[A homily from three years ago… not much has changed!]
For Americans, apart from unusually violent storms and weird shifts in the weather, the past week has witnessed unprecedented shifts in the political climate. Truly dark clouds seem to be lowering over the country. This may be an illusion created by an acrimonious electoral cycle. It may be fact. One way or another, citizens of this country seem to be groping in an increasingly gloomy environment. And today the cycle of readings for Sunday turns to Matthew’s gospel
especially for light, guidance, and inspiration.
The life of the Church goes its own way while public attention is focused elsewhere on events that entertain or shock and sometimes even frighten us. As we turn to Matthew’s gospel, we can learn a few things about despair and hope, about light in the midst of darkness.
The wheels of liturgical concentration are set in motion by the reading from the Book of Isaiah. The mention of the ancient lands of Zebulun and Naphtali link the first reading and the gospel, for Matthew cites the same passage. Zebulun and Naphtali were sons of Jacob who gave their names to two tribes of ancient Israel that settled in the northernmost region of the Promised Land. The territory that later came to be known as Galilee lay west of the Lake of Genesereth and the central mountains. It was a fertile, lovely area of rolling hills and grasslands.
The reading from Isaiah refers to a date in the eighth century before Christ after the conquest of Palestine by the Assyrians when the annexation of the lands associated with the tribes of Zebulun and Naphtali accelerated their alienation from the rest of Israel. But the prophet was looking ahead to a political liberation that never came, for over the next millennium Assyrians, Egyptians, Babylonians, Greeks, and then Romans all laid claim to the region, sometimes deporting the inhabitants, at other times seeding the area with immigrants from around the Middle East. But for Matthew the message is focused in a very different way – the light that will illuminate the deathly darkness is not a hoped-for liberation from foreign tyranny, but the dawning of the Light of the World, fulfilling the prophecy in ways far transcending the dreams of the prophet-poet eight centuries earlier.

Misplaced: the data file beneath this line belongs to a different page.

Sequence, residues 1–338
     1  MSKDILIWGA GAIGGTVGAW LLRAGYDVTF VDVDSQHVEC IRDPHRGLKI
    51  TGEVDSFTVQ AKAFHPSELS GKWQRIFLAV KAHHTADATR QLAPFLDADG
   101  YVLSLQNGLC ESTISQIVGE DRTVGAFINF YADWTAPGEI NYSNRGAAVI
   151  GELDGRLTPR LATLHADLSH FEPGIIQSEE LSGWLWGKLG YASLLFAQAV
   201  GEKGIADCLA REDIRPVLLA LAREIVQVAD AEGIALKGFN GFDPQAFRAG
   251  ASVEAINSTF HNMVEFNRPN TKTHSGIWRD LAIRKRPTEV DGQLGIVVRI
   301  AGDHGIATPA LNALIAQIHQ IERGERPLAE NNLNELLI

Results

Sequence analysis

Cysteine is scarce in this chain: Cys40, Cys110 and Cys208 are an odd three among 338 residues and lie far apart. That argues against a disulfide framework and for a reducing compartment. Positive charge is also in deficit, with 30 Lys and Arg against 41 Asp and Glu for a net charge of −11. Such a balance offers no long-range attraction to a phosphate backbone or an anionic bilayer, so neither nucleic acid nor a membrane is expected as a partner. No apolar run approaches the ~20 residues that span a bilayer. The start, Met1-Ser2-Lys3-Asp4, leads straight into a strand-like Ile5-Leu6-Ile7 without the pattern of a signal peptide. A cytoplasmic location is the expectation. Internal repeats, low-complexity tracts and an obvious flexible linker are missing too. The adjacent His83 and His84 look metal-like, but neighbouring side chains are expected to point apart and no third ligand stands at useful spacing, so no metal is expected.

Galilee, especially the fertile and densely-populated areas surrounding the Sea of Galilee, became the principal location of Jesus’ ministry. So Matthew introduces his Gospel by evoking not only history but geography. After the Assyrians had devastated the northern parts of Israel and brought the ancient kingdom of the north to an end, the region had become home to a variety of peoples, the galil haggoyim. By the time of Jesus, it was known as Galilee of the Gentiles, despised by the Jews of the south, but filled with heavily populated towns, especially around the Sea of Galilee. It was there that Jesus decided to locate after he left Nazareth It became the major scene of his teaching and healing ministry. This chapter of Matthew leads directly to the Sermon on the Mount. And in a preview glimpse of the rest of the gospel, Matthew tells us that Jesus extended his ministry from his base in Galilee – teaching, preaching, and healing.
The second reading seems to depart from the themes of Isaiah and Matthew, but a connection is made early on when Paul tells us clearly where the genius of effective ministry lies if we are to be true disciples – “Let there be no dissensions among you, but …be united in the same mind and the same judgment.” [1 Corinthians 1:10] I suppose the bad news is that Christians have always had a hard time avoiding factions and disagreements. Maybe that’s why Paul placed so much importance on it. But diversity can also be the anvil on which truth is hammered into shape, as subsequent history has so often revealed. The important thing, as Paul goes on to say, is that love must prevail. The 49ers don’t have to hate the Chiefs in order to play against them. Democrats and Republicans can work together for the good of the nation. [And to be sure, divisive allegiances to Benedict or Francis or Lefebvre, for that matter, hardly differ from those to Paul, Apollos, and Cephas that so vexed St. Paul in today’s reading.]
We all have moments or periods or places of gloom and darkness in our lives. Whole countries do. Today Christians in Iraq, Egypt, Nigeria, India, Pakistan, and Sudan are under attack, sometimes lethally. Earthquakes, cold snaps, and storms create suffering. Economies collapse. The United States seems caught up in an unprecedented political conflict in which decency and respect have been the first casualties. We know what it means to long for a little light at the end or even in the middle of our own tunnels. And Matthew is telling us what that light is. Or, rather, who it is. He will also be telling us in the months to come what it means to go toward that light, to grasp it, and to spread it — to be a disciple.